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Biological Control : A Guide to Natural Enemies in North America Anthony Shelton, Ph.D., Professor of Entomology, Cornell University

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Sphenoptera jugoslavica
(Coleoptera: Buprestidae)

by Ronald Lang, USDA-APHIS-PPQ, Forestry Sciences Lab, Montana State University, Bozeman, MT 59717-0278.

Sphenoptera jugoslavica, a root boring beetle, was first released in the United States in 1979. Its release is part of a program to introduce a complex of spotted and diffuse knapweed enemies to help control these natives of Eastern Europe and Asia. In North America spotted and diffuse knapweed are efficient competitors and since being introduced around the turn of the century have spread throughout the northern tier of states and as far south as Nebraska and Virginia. They favor disturbed sites and overgrazed rangelands and cause a reduction of forage for cattle of up to 100% in infested areas. Spotted knapweed and diffuse knapweed also prosper on grasslands and riparian sites and displace native vegetation in these habitats.

Although knapweed can be controlled by extensive cultivation or herbicide application, its existence on stream banks and rough terrain and the typically expansive areas of infestation make these methods impractical and/or economically unfeasible. Therefore, an integrated pest management approach is being sought to help in controlling this weed.

S. jugoslavica has been released in Arizona, Colorado, Idaho, Montana, Nebraska, Nevada, Oregon, South Dakota, Utah, Washington, and Wyoming. It is established in Colorado, Idaho, Montana, Oregon, South Dakota, Washington, and Wyoming, and is being collected for redistribution in Colorado, Montana, Oregon, and Washington.


S. jugoslavica is a flat, metallic, copper colored, elongated beetle measuring 7 mm long. The larvae have an enlarged head and a long thin body. The larvae cause a gall-like swelling in the knapweed root near the crown.


Diffuse knapweed infested areas.

Pests Attacked

European field collections found S. jugoslavica was limited, almost exclusively, to diffuse knapweed roots. The host-specificity tests indicated that the beetle could lay eggs and have them develop on diffuse knapweed, spotted knapweed, and yellowstar thistle.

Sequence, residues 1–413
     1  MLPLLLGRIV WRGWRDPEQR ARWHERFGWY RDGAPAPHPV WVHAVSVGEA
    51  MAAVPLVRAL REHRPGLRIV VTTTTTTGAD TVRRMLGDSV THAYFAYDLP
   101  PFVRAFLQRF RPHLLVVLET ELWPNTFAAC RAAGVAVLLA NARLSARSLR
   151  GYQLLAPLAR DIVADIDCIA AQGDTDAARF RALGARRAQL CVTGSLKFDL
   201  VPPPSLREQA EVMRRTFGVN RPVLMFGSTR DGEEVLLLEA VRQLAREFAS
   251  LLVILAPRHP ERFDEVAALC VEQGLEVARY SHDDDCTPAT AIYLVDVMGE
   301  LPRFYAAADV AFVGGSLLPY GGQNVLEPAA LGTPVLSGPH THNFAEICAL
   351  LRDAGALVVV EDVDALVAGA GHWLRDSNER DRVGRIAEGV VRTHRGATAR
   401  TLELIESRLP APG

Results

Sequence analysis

Life Cycle

S. jugoslavica overwinters as larvae in the root of the knapweed plant. The newly formed adults remain motionless inside knapweed roots in their pupal chambers for two to five days. Then they bite a hole in the gall wall and leave the root. Adult S. jugoslavica emerge in July. The new adults feed on diffuse knapweed leaves for two to three days before mating. Egg laying commences in ten to twelve days after emergence. Adult S. jugoslavica live up to thirty days.

Pesticide Susceptibility

Not yet known.

Commercial Availability

Available commercially (see the off-site publication, Suppliers of Beneficial Organisms in North America, page of the California Department of Pesticide Regulation website). In some states, S. jugoslavica adults may be obtained at no cost from state weed management agencies.


Small knapweed rosettes that have been attacked often die by the end of the next season. Diffuse knapweed plants that survive are stunted and produce less flowers. After the beetle population has built up for five to six years, the knapweed population may collapse with only scattered knapweed plants remaining. This effect has been observed in drier areas where the beetles have been released. Stunted and unhealthy plants were observed in Europe especially in drier areas.

It is anticipated that this beetle will be an effective control agent in conjunction with other root boring and seed feeding insects. Diffuse knapweed patches are hard to find in Europe because they are kept under control by the native insects and diseases.


Long-term availability is important in sites that are chosen for S. jugoslavia releases. It is wise to consider sites that will be undisturbed by development or pesticide use for at least ten years. Releases should be made in sections of the diffuse knapweed infestation where the plants are at least one to two feet apart with some bare ground showing. The beetle seems to thrive in drier areas and on diffuse knapweed.

For general information about conservation of natural enemies, see Conservation in the Tutorial section on this site, Feature Article on conservation in Volume II, No. 1 of Midwest Biological Control News.


Powell, R. D. (1984) Some preliminary results concerning the beetle Sphenoptera jugoslavica as a biological control for diffuse knapweed. Proceedings of the Knapweed Symposium, Cooperative Extension Service, Montana State University, Bull. 1315: 45-51.

Powell, R. & P. Harris (1986) Biological control of diffuse knapweed by Sphenoptera jugoslavica (Obenb.). Agriculture Canada, Ottawa, Canada. Canadex: Insects - Diseases - Pests, Weed Control: Beneficial Insects 641.613.

Powell, R. D. and Myers, J.H. (1988) The effect of Sphenoptera jugoslavica Obenb. (Col., Burprestidae) on its host plant Centaurea diffusa Lam. (Compositae). J. Appl. Ent. 106: 25-45.

Zwolfer, H. (1976) Investigations on Sphenoptera (Chilostetha) jugoslavica Obenb. (Col., Buprestidae), a possible biocontrol agent of the weed Centaurea diffusa Lam. (Compositae) in Canada. Z. ang. Ent. 80:170-190.

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Top: Sphenoptera jugoslavica adult. V.Farquhar.

Bottom: Diffuse knapweed root damage caused by S. jugoslavica larva.

Top: Sphenoptera jugoslavica adult. V.Farquhar.

Bottom: Diffuse knapweed root damage caused by S. jugoslavica larva.

Photos: R.Richard.

Spotted knapweedrosette.

Spotted knapweedrosette.

Photo: V. Farquhar


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